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Parents as teachers program boosts children's development

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Posted at 7:11 AM, Jan 28, 2020
and last updated 2020-01-28 15:09:45-05

KANSAS CITY, Kan. — Kansas City, Kansas Public Schools has a program called 'Parents as Teachers.'

The free program is built to educate children long before the step into a classroom, or even walk.

It's a home visiting program for parents who have children prenatal to three years old.

"Our home visits are fun," Parent Educator, Leonae Delatorre said. "We're bringing in fun activities. We're teaching them how to make homemade toys from the things that they have in the home. So, we're trying to tell parents that you don't have to spend a whole bunch of money to help your kiddo learn."

Parent educators visit the homes year-round for about an hour to walk parents through a variety of resources and activities for their child.

"I think it's a fantastic program because our philosophy really is that parents are their child's first and most important teacher," Delatorre said. "So we work hard to partner with our families and help them and help their child learn."

Parents learn about discipline, toilet training, car passenger seat safety, safe sleeping and cost effective activities to do with their children.

"We're all car seat technicians so we can make sure that families, parents have their kids riding in the appropriate car seats for their age," Delatorre said. "We really talk to the parents about topics they're interested in and the things that they want information on."

For new mom, Cindy Palomo, she said it's been an eye-opener.

"My wife and I actually joined this program when our daughter was nine months old, and I didn't even know anything about this until she told me about the program and we were excited about doing it," Palomo said. "It's amazing to get more information better educating ourselves we're constantly learning. We want to learn as much as we can to help her."

Palomo said the in-home visits with her parent educator allows them to work on their daughter's development.

"You know, I come from a large family and I have lots of nieces and nephews, so I thought I knew everything about little kids and babies, and it's amazing how things change," Palomo said. "Your social environment changes, education changes. And having Shelly come and give us new tips and new ideas is literally blowing my mind, like, you know. Like, learning different things to help Naomi, you know, get better and learning, learning different things, so it's just, it's amazing."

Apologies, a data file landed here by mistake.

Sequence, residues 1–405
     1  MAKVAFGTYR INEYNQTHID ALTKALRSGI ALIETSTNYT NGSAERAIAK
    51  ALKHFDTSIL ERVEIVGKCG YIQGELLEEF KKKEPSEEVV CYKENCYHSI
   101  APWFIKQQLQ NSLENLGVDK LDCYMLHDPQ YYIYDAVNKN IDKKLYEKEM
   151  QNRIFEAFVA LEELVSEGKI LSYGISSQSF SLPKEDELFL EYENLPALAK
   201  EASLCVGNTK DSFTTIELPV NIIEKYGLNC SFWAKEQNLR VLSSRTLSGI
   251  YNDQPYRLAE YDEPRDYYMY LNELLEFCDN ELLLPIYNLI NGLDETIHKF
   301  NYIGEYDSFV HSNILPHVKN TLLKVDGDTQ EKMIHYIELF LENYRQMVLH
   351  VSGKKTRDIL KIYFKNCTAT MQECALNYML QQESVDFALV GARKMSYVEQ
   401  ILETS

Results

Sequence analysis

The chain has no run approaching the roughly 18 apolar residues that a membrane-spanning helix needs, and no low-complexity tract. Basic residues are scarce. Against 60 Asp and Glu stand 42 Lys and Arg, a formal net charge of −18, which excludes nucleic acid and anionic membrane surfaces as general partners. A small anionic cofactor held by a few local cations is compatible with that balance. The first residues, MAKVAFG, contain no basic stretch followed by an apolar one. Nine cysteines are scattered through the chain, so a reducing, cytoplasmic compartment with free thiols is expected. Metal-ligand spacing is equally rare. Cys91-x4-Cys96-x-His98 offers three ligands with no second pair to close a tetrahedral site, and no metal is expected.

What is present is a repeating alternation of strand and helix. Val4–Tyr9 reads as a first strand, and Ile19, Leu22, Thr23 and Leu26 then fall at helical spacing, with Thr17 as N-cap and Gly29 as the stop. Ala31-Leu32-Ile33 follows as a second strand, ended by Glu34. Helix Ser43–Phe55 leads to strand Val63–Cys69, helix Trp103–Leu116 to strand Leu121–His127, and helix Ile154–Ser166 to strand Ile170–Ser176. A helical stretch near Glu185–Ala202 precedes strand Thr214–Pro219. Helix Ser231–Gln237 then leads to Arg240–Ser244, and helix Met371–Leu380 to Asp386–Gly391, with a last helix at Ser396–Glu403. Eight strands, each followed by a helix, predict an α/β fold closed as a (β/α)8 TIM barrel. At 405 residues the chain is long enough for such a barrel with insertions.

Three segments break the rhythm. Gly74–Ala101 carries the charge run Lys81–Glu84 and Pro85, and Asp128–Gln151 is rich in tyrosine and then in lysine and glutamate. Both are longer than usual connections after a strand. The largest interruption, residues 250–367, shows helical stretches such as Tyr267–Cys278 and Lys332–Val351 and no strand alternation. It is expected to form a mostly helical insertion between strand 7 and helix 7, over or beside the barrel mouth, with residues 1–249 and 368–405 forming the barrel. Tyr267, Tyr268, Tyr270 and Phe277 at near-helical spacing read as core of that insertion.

At the Kansas City, Kansas Public Schools central office, parent educators also provide group meet-ups for families.

"Having us get together with other families is like, you know, been really helpful for Naomi to kind of come out of her own shell and be around other kids so that's been helpful for us," Palomo said.

The focus is to prepare students for school.

"In the cases where they may not be meeting those milestones, we can provide some resources and some referrals to make sure your kid is actually school ready," Delatorre said. "The program is huge in identifying any challenges or delays early and helping families get the support that they need."

Another strong focus of the program is reducing infant mortality rates in Wyandotte County, which has one of the highest rates in the state. Between 2013 and 2017, there were 94 infant deaths in the county.

"All of us are trained in safe sleep education. So we're educating families the safest and best place for their baby to sleep," Delatorre said. "We're also making sure that moms are getting, and attending their pre-natal care , getting their prenatal appointments. And we're also talking about healthy births and birth spacing after their pregnancy."

The global program is one of several in districts across the greater Kansas City metro, including: Lee's Summit, Olathe, Kansas City, Liberty, Center, North Kansas City, Raymore-Peculiar, Shawnee Mission School District and Park Hill.

To see if your district is part of the program or to learn more, you can contact the district's office.